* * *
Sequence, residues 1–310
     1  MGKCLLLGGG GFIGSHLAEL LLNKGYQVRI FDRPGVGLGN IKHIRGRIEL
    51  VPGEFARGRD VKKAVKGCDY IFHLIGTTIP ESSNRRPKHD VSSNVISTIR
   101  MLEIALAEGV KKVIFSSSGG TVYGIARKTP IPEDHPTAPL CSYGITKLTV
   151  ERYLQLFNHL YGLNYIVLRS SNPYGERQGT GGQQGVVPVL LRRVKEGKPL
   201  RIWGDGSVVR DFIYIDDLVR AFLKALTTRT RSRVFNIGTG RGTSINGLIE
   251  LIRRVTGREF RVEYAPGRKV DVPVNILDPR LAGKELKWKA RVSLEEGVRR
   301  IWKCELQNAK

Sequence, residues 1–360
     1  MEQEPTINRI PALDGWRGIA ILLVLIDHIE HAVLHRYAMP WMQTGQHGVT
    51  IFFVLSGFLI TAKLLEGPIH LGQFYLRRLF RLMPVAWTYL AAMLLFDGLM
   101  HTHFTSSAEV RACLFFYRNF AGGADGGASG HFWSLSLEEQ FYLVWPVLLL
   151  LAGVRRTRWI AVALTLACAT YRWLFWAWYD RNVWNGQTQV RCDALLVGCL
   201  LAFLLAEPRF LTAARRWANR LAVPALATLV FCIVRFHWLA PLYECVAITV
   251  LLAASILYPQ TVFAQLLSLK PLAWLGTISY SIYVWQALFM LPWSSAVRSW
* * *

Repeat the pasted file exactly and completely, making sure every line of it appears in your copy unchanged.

Sequence, residues 1–310
     1  MGKCLLLGGG GFIGSHLAEL LLNKGYQVRI FDRPGVGLGN IKHIRGRIEL
    51  VPGEFARGRD VKKAVKGCDY IFHLIGTTIP ESSNRRPKHD VSSNVISTIR
   101  MLEIALAEGV KKVIFSSSGG TVYGIARKTP IPEDHPTAPL CSYGITKLTV
   151  ERYLQLFNHL YGLNYIVLRS SNPYGERQGT GGQQGVVPVL LRRVKEGKPL
   201  RIWGDGSVVR DFIYIDDLVR AFLKALTTRT RSRVFNIGTG RGTSINGLIE
   251  LIRRVTGREF RVEYAPGRKV DVPVNILDPR LAGKELKWKA RVSLEEGVRR
   301  IWKCELQNAK

Sequence, residues 1–360
     1  MEQEPTINRI PALDGWRGIA ILLVLIDHIE HAVLHRYAMP WMQTGQHGVT
    51  IFFVLSGFLI TAKLLEGPIH LGQFYLRRLF RLMPVAWTYL AAMLLFDGLM
   101  HTHFTSSAEV RACLFFYRNF AGGADGGASG HFWSLSLEEQ FYLVWPVLLL
   151  LAGVRRTRWI AVALTLACAT YRWLFWAWYD RNVWNGQTQV RCDALLVGCL
   201  LAFLLAEPRF LTAARRWANR LAVPALATLV FCIVRFHWLA PLYECVAITV
   251  LLAASILYPQ TVFAQLLSLK PLAWLGTISY SIYVWQALFM LPWSSAVRSW